אשירה לה’ כי גאה גאה טו:א The pasuk in Tehillim (13:6) states, ”V’ani b’chasdecha vatachti yagel libi bishuasecha ashirah la’Hashem ki gamal alai, and I have trusted in Your kindness, my heart will rejoice in Your salvation, I will sing to Hashem because He has bestowed [salvation] upon me.” Dovid ha’melech confirms his faith in Hashem’s salvation. The grammatical structure of this pasuk is somewhat perplexing. The first half of the pasuk is obviously an expression of the deep sense of trust that Dovid ha’melech had in Hashem even before Hashem saved him from his troubles, because the entire concept of trust in a salvation only makes sense before the salvation comes to fruition. If the salvation has already occurred, though, one doesn’t need faith or trust! However, the pasuk’s continuation – that Dovid rejoiced in his heart about Hashem’s salvation – is formulated in the present tense. Finally, the pasuk concludes with the words “ki gamal alai, for He has bestowed upon me”. This last segment of the pasuk is presented in the past tense, seemingly referring to a situation wherein the salvation has already taken place. So when is it that Dovid ha’melech is rejoicing in his heart? Is it before or after the salvation?! If it is prior to the salvation taking place, then it is not consistent with the end of the pasuk that Dovid will sing praise after he gets saved; and if it is talking about after Dovid got saved, then why is the former segment written in the present tense?
The Emek Bracha (pg.124) cites an explanation from the Brisker Rav in the name of the latter’s father, Reb Chaim Brisker: due to Dovid ha’melech’s lofty level of trust in Hashem, he already felt jubilant in his heart even while still in need of the salvation. However, to actually express that jubilation in the form of singing praise to Hashem, for that bitachon (trust) is not enough. Prior to the actual salvation, it is not yet in place to actually express shirah (song of praise) to Hashem. The salvation has to actually come; only then is it appropriate to sing praise to Hashem. Accordingly, the pasuk is referring to both stages of the salvation process, before and after. The first half of the pasuk is saying that Dovid’s faith was so great that he was already rejoicing in his heart in anticipation of the salvation. However, the song of praise and gratitude was only sung after Dovid actually experienced the salvation.
Interestingly enough, from my grandfather (Rav Yosef Dov Soloveitchik), I heard a different explanation of this pasuk, also in the name of his grandfather, Reb Chaim Brisker! The way I heard it, is that Reb Chaim said even shirah can be appropriate despite the salvation having not yet occurred. Accordingly, the entire pasuk is talking about what Dovid felt and did before the salvation. Dovid rejoiced in his heart and also sang out to Hashem lyrics of praise. So then why does the end of the pasuk speak in the past tense, as though the salvation has already occurred? Because Dovid sang to Hashem as if he had already been saved. For Dovid ha’melech, his bitachon was so strong, that it was as if the salvation had already occurred, such that he could even express his rejoicing in concrete song and praise!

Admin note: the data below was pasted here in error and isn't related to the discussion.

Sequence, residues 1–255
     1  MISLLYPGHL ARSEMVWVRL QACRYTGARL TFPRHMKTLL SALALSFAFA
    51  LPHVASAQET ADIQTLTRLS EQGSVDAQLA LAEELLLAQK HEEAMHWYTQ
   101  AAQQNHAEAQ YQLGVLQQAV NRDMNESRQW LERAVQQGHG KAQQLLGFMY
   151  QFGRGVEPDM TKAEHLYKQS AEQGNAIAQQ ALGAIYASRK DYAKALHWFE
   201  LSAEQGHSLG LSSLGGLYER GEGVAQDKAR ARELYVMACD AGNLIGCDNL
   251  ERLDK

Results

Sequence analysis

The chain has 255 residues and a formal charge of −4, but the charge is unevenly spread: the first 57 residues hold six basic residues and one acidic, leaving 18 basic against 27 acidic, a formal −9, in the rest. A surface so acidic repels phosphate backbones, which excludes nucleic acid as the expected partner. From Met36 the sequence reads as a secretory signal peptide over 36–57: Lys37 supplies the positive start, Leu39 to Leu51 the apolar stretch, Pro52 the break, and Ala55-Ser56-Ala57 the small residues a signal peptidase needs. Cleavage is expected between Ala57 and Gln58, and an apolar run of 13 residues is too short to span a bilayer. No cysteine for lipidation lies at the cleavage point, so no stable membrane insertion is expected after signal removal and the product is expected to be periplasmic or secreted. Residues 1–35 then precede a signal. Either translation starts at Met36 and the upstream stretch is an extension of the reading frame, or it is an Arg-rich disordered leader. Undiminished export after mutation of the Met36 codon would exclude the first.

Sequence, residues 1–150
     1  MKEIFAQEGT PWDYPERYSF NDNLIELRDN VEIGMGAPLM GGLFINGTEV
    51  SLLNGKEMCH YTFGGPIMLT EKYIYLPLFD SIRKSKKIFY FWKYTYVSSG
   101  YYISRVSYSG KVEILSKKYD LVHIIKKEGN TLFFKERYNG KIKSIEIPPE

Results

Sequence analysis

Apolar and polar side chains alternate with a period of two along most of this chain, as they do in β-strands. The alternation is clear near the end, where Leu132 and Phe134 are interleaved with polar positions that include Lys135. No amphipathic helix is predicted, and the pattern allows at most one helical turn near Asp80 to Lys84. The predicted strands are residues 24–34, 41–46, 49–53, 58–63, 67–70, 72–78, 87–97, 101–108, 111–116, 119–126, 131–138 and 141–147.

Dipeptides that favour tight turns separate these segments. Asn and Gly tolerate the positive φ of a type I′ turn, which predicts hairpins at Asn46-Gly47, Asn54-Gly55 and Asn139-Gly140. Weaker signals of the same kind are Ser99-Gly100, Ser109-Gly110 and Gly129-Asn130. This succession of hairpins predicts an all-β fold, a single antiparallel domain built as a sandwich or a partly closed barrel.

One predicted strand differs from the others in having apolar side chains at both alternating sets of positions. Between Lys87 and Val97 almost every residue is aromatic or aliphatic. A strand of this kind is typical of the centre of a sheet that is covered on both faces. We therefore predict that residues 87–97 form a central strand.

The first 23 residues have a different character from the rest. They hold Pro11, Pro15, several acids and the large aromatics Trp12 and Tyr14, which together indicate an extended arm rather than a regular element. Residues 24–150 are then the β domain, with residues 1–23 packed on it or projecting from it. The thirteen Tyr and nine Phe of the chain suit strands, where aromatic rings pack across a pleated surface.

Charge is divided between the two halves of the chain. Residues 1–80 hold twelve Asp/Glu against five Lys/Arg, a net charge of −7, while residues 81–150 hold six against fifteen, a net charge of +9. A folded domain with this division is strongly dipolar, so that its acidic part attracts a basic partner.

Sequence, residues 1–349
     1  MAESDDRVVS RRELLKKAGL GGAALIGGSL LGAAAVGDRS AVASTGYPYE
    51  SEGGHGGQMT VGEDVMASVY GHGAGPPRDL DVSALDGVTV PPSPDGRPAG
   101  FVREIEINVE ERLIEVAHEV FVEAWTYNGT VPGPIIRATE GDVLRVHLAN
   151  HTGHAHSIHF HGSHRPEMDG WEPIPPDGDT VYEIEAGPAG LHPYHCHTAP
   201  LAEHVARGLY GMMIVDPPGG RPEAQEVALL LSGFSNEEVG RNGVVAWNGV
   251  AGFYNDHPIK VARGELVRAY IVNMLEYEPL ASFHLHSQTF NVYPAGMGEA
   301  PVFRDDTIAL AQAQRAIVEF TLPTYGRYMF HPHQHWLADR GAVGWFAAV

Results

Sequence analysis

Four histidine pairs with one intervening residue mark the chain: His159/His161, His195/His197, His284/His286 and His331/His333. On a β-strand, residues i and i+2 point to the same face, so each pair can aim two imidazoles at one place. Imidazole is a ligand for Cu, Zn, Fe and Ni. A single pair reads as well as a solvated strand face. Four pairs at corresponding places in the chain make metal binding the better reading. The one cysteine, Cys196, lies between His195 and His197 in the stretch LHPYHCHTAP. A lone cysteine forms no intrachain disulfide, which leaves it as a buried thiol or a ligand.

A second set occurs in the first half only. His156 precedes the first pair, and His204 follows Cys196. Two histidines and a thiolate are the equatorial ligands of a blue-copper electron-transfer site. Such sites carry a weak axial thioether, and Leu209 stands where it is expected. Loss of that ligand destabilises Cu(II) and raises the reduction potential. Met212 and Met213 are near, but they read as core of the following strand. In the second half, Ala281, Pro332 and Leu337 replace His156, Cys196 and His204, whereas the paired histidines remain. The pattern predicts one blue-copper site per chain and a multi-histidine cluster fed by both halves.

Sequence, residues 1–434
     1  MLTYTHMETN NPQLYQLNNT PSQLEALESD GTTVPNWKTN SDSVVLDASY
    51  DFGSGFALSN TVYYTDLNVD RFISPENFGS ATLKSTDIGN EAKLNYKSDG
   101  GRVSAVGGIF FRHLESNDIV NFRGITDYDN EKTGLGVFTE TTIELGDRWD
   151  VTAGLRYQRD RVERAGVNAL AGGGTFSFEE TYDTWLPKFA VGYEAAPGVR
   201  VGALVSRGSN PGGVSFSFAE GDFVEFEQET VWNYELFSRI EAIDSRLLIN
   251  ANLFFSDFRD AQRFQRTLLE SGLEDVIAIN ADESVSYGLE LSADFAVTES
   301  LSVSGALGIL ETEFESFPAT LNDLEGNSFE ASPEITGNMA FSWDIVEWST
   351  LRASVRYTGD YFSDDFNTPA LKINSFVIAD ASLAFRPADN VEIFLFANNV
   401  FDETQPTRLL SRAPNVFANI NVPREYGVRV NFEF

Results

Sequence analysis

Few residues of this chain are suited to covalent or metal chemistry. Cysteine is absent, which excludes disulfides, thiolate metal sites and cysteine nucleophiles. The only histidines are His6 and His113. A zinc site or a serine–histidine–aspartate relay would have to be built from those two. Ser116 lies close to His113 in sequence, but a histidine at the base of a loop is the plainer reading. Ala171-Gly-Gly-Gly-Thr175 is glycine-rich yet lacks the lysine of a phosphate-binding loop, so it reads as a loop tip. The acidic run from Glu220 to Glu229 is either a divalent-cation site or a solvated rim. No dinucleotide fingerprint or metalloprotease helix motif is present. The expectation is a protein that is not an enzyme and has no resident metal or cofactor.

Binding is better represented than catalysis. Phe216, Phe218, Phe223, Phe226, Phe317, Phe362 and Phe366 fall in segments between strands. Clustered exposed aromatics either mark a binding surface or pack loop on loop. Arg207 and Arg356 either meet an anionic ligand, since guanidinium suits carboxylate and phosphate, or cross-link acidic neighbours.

This amazing chiddush (novel thought or idea) – namely, that the bitachon has the power to bring a person to a level wherein he can sing praises to Hashem as if the salvation has already happened – has many sources and proofs.
For example, there is the Rashi in Tehillim (18:4) on the pasuk that says, “mehulal ekrah Hashem umin oyvai ivasheiah, with praises I call unto Hashem, and I will be saved from my enemies.” Rashi explains that Dovid ha’melech said Hallel before he was delivered from his enemies because he had absolute trust that Hashem would extricate him from his predicament. Rashi clearly states that, as a result of bitachon, it is appropriate to sing praise even before the salvation actually occurs.
The primary substantiation for the concept of being able to say shirah even before the miracle takes place is from our parsha. The Targum Yonason, and, even more clearly, the Mechilta (14:13-14) records an interchange between the Jewish People and Moshe Rabbeinu. Standing at the edge of the sea, the People asked Moshe Rabbeinu what they should do? To which Moshe responded, “you should praise Hashem and sing shirah to Him as it says, ashirah la’Hashem ki gaoh gaah.” The implication, clearly, is that Klal Yisrael sang at least part of the shirah of Az Yashir before the sea split.
Even if we accept the more traditional understanding of the sequence of events that occurred at the Splitting of the Sea, namely that Klal Yisrael sang shirah only after the sea split and they emerged therefrom, there is still a proof for this concept from a comment of the Shelah ha’kadosh. The Shelah writes that the way of tzaddikim is that, once Hashem promises them something good, they immediately sing shirah and praise to Hashem. This practice of tzaddikim, elaborates the Shelah, is contingent on their level of bitachon in Hashem. Because Klal Yisrael’s faith and trust in Hashem wasn’t yet so strong at that point, they only sang shirah after Hashem brought His promise to fruition and saved them from the pursuing Egyptians. However, concludes the Shelah, when the tidings of Mashiach’s imminent arrival will be announced, at that point Klal Yisrael’s level of emunah and bitachon will be on such a level that they will sing shirah immediately, even before Mashiach actually arrives! (From Reb Chaim Rosen)